M: That’s a great question, Sherry! I actually watched it because I had that healthy skepticism (no offense to Kate).
M: A 2006 article in the American Journal of Preventive Medicine did a large-scale systematic review of many different preventive health services, from tetanus shots to mammograms, and ranked them by effectiveness. SBIRT was at the top of the list with a score equal to colon cancer screening – above both Pap smear cervical cancer screening and routine lipid screening. We will add the paper to the program notes for those who want to go deeper.
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K: Wow that’s great. Makes you think about the time we spend on pop and fats in relation to alcohol control.
Q: My right ear is tired! Let’s break each item down a little more. How can such a discussion progress?
M: The caveat is that we have to say that everyone has their own interview style, so we’re going to give you some examples that we’ve found to be helpful and you can try them out and see if they work. right.
K: Okay. So in this scenario we would maybe raise the issue, which is step 1, look into it, but then it helps to open the conversation something like, “Do you care? If we talk about it a little bit more, its effects? Alcohol on your health?” and understand his thoughts a little better.
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A: So giving feedback is often as simple as saying, “I’m concerned about your drinking and how it may be affecting your health. Do you know the recommended limits of alcohol consumption?”
M: I would argue that pointing out the connection between the drink and his hypertension or GERD and then asking if he thought about it would also provide feedback.
A: And regarding the third part, I would imagine that the motivation for change is the old 1=10 scale of motivational interviewing?
A: So the next question is the most important – once you commit to how much they are willing to change, you ask the patient why they didn’t choose a lower number.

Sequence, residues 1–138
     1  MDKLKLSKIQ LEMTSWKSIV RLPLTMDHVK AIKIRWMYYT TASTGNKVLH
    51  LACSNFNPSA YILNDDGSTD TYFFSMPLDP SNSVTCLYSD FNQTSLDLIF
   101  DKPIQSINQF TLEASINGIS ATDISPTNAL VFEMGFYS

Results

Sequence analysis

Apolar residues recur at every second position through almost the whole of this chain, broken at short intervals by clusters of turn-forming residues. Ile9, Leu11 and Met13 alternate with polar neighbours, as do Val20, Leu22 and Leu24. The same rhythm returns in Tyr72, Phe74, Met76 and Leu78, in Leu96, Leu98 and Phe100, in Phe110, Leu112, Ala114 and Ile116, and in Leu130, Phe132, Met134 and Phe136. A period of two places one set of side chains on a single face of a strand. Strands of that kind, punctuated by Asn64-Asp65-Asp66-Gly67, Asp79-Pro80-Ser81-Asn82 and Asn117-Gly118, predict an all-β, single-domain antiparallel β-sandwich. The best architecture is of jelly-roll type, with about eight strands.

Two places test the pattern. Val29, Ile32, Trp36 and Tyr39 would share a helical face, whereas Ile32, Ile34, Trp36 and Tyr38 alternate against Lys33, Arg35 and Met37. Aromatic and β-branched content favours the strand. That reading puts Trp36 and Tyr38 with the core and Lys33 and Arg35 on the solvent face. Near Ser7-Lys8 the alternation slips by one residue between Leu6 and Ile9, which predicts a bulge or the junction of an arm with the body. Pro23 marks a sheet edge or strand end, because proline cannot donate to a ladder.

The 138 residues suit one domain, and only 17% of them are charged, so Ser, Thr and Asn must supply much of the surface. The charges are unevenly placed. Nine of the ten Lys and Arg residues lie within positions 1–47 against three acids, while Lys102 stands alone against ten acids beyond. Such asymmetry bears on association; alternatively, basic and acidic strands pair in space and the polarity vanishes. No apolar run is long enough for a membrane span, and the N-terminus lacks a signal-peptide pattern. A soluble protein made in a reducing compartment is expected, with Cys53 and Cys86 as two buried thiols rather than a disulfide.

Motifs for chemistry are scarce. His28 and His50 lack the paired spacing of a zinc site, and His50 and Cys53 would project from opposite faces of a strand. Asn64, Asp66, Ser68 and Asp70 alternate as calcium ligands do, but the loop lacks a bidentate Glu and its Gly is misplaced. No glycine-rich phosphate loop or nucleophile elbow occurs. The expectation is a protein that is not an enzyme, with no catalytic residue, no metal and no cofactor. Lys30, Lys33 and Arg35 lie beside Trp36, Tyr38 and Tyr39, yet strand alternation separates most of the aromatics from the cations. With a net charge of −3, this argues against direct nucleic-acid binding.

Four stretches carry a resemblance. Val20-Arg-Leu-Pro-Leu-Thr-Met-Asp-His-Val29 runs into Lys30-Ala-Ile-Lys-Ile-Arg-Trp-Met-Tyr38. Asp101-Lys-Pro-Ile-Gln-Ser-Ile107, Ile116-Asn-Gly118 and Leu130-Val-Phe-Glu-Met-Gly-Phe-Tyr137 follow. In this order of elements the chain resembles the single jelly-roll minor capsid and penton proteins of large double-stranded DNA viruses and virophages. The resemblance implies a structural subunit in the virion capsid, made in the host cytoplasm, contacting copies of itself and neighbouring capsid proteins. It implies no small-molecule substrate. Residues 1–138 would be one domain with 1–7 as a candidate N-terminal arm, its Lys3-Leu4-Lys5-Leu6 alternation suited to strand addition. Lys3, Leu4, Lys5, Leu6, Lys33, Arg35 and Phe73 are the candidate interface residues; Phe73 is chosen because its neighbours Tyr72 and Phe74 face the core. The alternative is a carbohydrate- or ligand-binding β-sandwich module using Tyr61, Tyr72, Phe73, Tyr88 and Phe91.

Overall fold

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M: For example, if our patient says “I’m not really interested, maybe 5”, you answer “I understand, tell me why you didn’t say 3 or 4”.
A: It allows the patient to talk about any motivation they have instead of focusing on motivation they may lack.
K: Definitely Shrey. And the last part of the brief intervention is setting goals and planning for the end of the session. And here I want to say don’t get too excited – short-term and achievable goals (even if it’s like cutting back on an extra drink or two a day) are more effective than big, idealistic goals. Goals may also focus on starting counseling or referral to an addiction treatment program or peer support group.
K: Yes, this is an example. AA, or Alcoholics Anonymous, is one of the only 12-step support groups that is quite popular. There are also groups for people who use opioids – Narcotics Anonymous, or NA – marijuana, cocaine groups, all kinds of things. The common theme in these groups is that altruism is achieved through personal inquiry and acceptance, and there is also an emphasis on belief in some spiritual higher power. Which may not be to everyone’s liking.
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M: An alternative to these 12-step programs is a method called SMART Recovery – SMART stands for Self-Management and Recovery Training. SMART is a trademark process that replaces the intellectual basis of AA with a more flexible cognitive-behavioral framework. It is new and the meetings are significantly smaller than AA.
K: If it’s a trademark, Marty, does that mean we’re allowed to mention it on the show? What kicks do you get?
K: Well, SMART Recovery can be good for points that are interested in groups, but for whom AA is not suitable.
A: To summarize this section: After a positive test, a simple “brief intervention” in the office followed by a referral to treatment tailored to the patient’s specific goals and beliefs is effective.
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M: And remember brief interventions for people with uncomplicated unhealthy alcohol use. It consists of four parts – set the topic, give feedback, assess the motivation and finally set the goals.
K: Let’s look at our case again. Although a